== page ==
303.1121 McMillan, Archibald/1–3145: Telegram

The Ambassador in China (Hurley) to the Secretary of State

135. Press reported on 30th that McMillan’s appeal (Embassy’s despatch No. 86, January IT, 1945) was “rejected on grounds of lack of evidence” in decision of First Branch Court of Szechuan. Text of decision not yet available but defense attorney confirms that decision of Experimental District Court sentencing McMillan to 4 months’ imprisonment (sentence suspended for 3 years) was sustained.

Hearing of appeal was held on January 24 and was attended by officer of Embassy. Although court again refused McMillan permission to use own interpreter, court interpreter quite competent and exact and McMillan’s interpreter was allowed to give corrections and supplementary translations where needed. Three additional witnesses introduced for defense—two eye witnesses, one Chinese and one American—all of whom corroborated McMillan’s own testimony that truck traveling slowly, that McMillan forced to extreme left side of road by military truck that passed at excessive speed and cut in without warning or reason and that McMillan’s truck could not have “struck”, “run over”, or “crushed” victim.

Defendant introduced wooden models of section of road: Both trucks, stone wall and pedestrians which he used to demonstrate to the three judges extra circumstances of accident in order to avoid previous apparent misunderstanding. Witnesses also requested to arrange models in accordance with their recollections of accident which conformed exactly with defendant’s testimony.

Doctor who gave deceased superficial medical attention at first aid station but refused her entrance as patient because of orders also appeared as witness for defense. He states that victim was suffering mainly from shock and that fractures only slight; that truck may have hit deceased but certainly did not run over or “crush” her.

Prosecution did not introduce single shred of evidence and procurator in statement appeared to side with defendant. After stating McMillan was Allied friend who had voluntarily come to China to help with war, he presented following four points for consideration of court: (1) whether death was caused by truck striking body of deceased or by her fall; (2) whether McMillan’s act of swerving to left was to avoid collision and that, if so, it cannot be considered a crime as it was only recourse to avoid an accident; (3) whether McMillan’s occupation is that of “religious journalist”, as claimed, or “truck driver”; as defendant obviously a religious journalist and now voluntarily and temporarily serving with FAU as truck driver, he [Page 1455] cannot be accused of “negligence in course of his occupation” and only article of “ordinary negligence” can be applied; (4) whether deceased was to blame or contributed to accident, that is, defendant is not responsible if death was caused by victim’s negligence; the noise made by the truck was loud, victim’s daughter was uninjured, and space between truck and wall was sufficient to permit passing of pedestrians; it is frequently true in Chungking that pedestrians pay no attention to horns, but noise of truck was louder than horn; therefore victim was partially to blame and question one of contributory negligence.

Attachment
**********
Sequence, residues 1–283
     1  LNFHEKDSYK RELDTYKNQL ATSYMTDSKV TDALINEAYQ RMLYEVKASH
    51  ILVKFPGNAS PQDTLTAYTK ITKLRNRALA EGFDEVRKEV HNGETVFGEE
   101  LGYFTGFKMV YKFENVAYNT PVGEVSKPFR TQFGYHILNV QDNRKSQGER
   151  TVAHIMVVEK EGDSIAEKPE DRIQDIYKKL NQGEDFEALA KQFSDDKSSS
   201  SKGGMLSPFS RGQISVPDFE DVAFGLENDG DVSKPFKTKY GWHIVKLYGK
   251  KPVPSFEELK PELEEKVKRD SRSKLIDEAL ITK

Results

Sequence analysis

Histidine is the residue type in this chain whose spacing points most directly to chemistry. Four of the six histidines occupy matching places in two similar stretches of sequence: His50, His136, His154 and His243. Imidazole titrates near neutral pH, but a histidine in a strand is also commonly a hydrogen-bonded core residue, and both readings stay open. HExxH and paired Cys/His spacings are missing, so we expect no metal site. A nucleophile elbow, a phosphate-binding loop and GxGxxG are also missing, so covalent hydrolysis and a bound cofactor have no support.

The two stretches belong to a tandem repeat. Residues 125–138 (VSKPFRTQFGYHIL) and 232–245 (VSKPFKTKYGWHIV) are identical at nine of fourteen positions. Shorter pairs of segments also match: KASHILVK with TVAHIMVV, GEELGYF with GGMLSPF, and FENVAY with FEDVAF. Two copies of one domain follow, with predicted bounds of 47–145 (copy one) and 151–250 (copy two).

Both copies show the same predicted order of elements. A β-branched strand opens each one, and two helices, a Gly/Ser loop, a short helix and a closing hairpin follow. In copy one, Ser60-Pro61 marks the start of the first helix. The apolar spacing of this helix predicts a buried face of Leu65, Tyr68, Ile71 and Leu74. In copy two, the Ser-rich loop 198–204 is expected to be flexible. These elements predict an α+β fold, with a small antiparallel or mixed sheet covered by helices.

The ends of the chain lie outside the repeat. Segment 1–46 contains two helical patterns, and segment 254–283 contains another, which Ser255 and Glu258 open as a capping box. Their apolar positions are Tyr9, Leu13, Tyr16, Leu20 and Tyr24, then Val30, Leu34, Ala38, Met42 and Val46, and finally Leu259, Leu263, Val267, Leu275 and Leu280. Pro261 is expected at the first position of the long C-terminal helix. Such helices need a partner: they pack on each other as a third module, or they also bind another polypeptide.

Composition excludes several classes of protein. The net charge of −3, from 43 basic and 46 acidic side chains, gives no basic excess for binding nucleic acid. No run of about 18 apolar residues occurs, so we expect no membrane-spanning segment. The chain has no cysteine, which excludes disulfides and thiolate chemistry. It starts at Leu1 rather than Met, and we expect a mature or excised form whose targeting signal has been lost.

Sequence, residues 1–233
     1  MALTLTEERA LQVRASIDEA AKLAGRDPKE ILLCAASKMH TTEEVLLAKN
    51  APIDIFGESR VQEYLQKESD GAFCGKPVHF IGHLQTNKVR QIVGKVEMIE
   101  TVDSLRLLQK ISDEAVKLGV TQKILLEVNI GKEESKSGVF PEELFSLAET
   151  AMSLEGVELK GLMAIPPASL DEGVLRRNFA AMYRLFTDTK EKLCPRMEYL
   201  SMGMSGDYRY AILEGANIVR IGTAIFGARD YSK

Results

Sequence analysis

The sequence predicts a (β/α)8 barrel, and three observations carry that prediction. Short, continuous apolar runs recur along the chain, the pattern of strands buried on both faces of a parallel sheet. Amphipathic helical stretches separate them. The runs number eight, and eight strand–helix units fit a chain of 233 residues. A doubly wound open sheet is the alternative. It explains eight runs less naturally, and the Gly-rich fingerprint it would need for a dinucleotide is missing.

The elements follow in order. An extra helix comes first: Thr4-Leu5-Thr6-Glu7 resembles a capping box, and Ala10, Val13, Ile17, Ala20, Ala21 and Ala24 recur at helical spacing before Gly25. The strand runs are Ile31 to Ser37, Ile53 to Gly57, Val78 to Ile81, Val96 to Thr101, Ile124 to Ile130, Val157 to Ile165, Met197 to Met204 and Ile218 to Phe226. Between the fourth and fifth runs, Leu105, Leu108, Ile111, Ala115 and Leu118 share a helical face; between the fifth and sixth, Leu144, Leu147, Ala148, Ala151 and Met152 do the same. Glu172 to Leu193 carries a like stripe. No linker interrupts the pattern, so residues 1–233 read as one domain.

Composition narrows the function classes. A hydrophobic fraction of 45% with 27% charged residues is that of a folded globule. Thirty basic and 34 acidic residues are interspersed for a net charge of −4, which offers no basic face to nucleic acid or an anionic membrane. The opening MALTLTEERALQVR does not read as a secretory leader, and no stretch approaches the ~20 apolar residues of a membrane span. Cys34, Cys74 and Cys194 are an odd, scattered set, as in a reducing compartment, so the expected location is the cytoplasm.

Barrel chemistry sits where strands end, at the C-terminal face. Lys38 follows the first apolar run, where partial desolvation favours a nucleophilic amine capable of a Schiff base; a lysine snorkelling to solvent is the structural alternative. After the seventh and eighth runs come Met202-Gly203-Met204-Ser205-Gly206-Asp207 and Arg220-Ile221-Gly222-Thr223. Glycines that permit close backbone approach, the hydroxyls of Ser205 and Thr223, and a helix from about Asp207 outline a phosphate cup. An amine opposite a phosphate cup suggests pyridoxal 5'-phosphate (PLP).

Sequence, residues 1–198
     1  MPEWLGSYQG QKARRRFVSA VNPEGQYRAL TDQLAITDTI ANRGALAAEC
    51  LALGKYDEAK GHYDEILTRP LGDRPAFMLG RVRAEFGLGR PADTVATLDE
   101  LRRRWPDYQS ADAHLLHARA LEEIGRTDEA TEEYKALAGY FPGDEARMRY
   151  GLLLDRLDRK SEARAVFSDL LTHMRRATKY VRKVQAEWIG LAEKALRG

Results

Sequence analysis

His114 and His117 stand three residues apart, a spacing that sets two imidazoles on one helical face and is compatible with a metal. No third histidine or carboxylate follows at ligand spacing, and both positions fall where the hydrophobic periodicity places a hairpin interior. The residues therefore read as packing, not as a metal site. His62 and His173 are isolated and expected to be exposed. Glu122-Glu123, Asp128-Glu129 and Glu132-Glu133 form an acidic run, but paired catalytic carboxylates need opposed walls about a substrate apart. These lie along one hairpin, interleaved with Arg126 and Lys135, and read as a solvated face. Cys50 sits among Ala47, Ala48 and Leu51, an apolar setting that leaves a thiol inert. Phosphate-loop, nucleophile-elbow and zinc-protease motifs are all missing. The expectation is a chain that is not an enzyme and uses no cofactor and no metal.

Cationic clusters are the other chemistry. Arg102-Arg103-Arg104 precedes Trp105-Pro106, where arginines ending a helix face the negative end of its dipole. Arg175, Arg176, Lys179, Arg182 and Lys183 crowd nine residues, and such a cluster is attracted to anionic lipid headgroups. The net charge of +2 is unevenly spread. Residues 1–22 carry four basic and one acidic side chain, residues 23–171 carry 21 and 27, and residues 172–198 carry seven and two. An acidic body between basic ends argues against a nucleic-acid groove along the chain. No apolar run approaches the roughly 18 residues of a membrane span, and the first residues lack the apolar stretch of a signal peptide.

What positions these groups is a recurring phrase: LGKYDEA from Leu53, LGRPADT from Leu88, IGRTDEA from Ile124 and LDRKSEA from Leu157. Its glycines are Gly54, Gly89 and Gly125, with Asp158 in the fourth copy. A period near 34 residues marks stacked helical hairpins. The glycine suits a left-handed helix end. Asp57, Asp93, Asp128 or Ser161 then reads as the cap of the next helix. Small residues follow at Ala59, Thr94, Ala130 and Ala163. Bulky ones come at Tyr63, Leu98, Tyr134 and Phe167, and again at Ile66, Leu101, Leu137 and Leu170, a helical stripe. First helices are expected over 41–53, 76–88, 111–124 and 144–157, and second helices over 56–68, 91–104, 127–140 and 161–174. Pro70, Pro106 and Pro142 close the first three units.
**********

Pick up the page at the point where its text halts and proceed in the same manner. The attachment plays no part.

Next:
McMillan in final statement thanked court for judge’s consideration and for vastly improved quality of interpreting. He stated that as he had never received any money for truck driving, it could not be considered as his profession. McMillan also declared that he did not want any special consideration given his case simply because he was working with FAU to help China; he stated that he only desired a fair, just trial in which the facts themselves would govern and that he was confident he would receive it.

Following conclusion of hearing, court adjourned to hear noise of typical FAU charcoal-burning truck without muffler and all judges appeared convinced that sound of a motor horn would be inaudible. Defense attorney also presented court with a pig’s head which had previously been run over by rear wheels of truck as evidence of “crushing” propensities of truck on bone.

FAU defenders, attorney and others who attended trial uniformly expressed astonishment at the verdict of high court as conduct of hearing, attitude of judges, absence of any semblance of a case for the prosecution and sympathetic defense of procurator had led to foregone conclusion of all concerned that decision of lower court would be reversed and defendant adjudged innocent.

McMillan now planning appeal to Superior Court which could not necessitate re-hearing but solely review of testimony and evidence previously presented and application of law.

Embassy has as yet received no reply to its note of January 5 to the Ministry of Foreign Affairs7 complaining about the procedural conduct and verdict of McMillan’s first trial.8

  1. Not printed.
  2. The records of the Embassy in China located in the National Archives (804.1 McMillan) indicate the receipt of a note by the Embassy from the Chinese Foreign Office, dated February 22, embodying a communication from the Chinese Ministry of Justice quoting a despatch from the Experimental District Court of Chungking. The Court undertook to refute the charges set forth in the American note of January 5. The Ministry added that it had given due attention constantly to cases involving foreign nationals and had urged various grades of courts to handle such cases expeditiously and justly, not only those involving Americans but those involving nationals of all other countries as well, and that the American Government had no cause for solicitude and apprehension.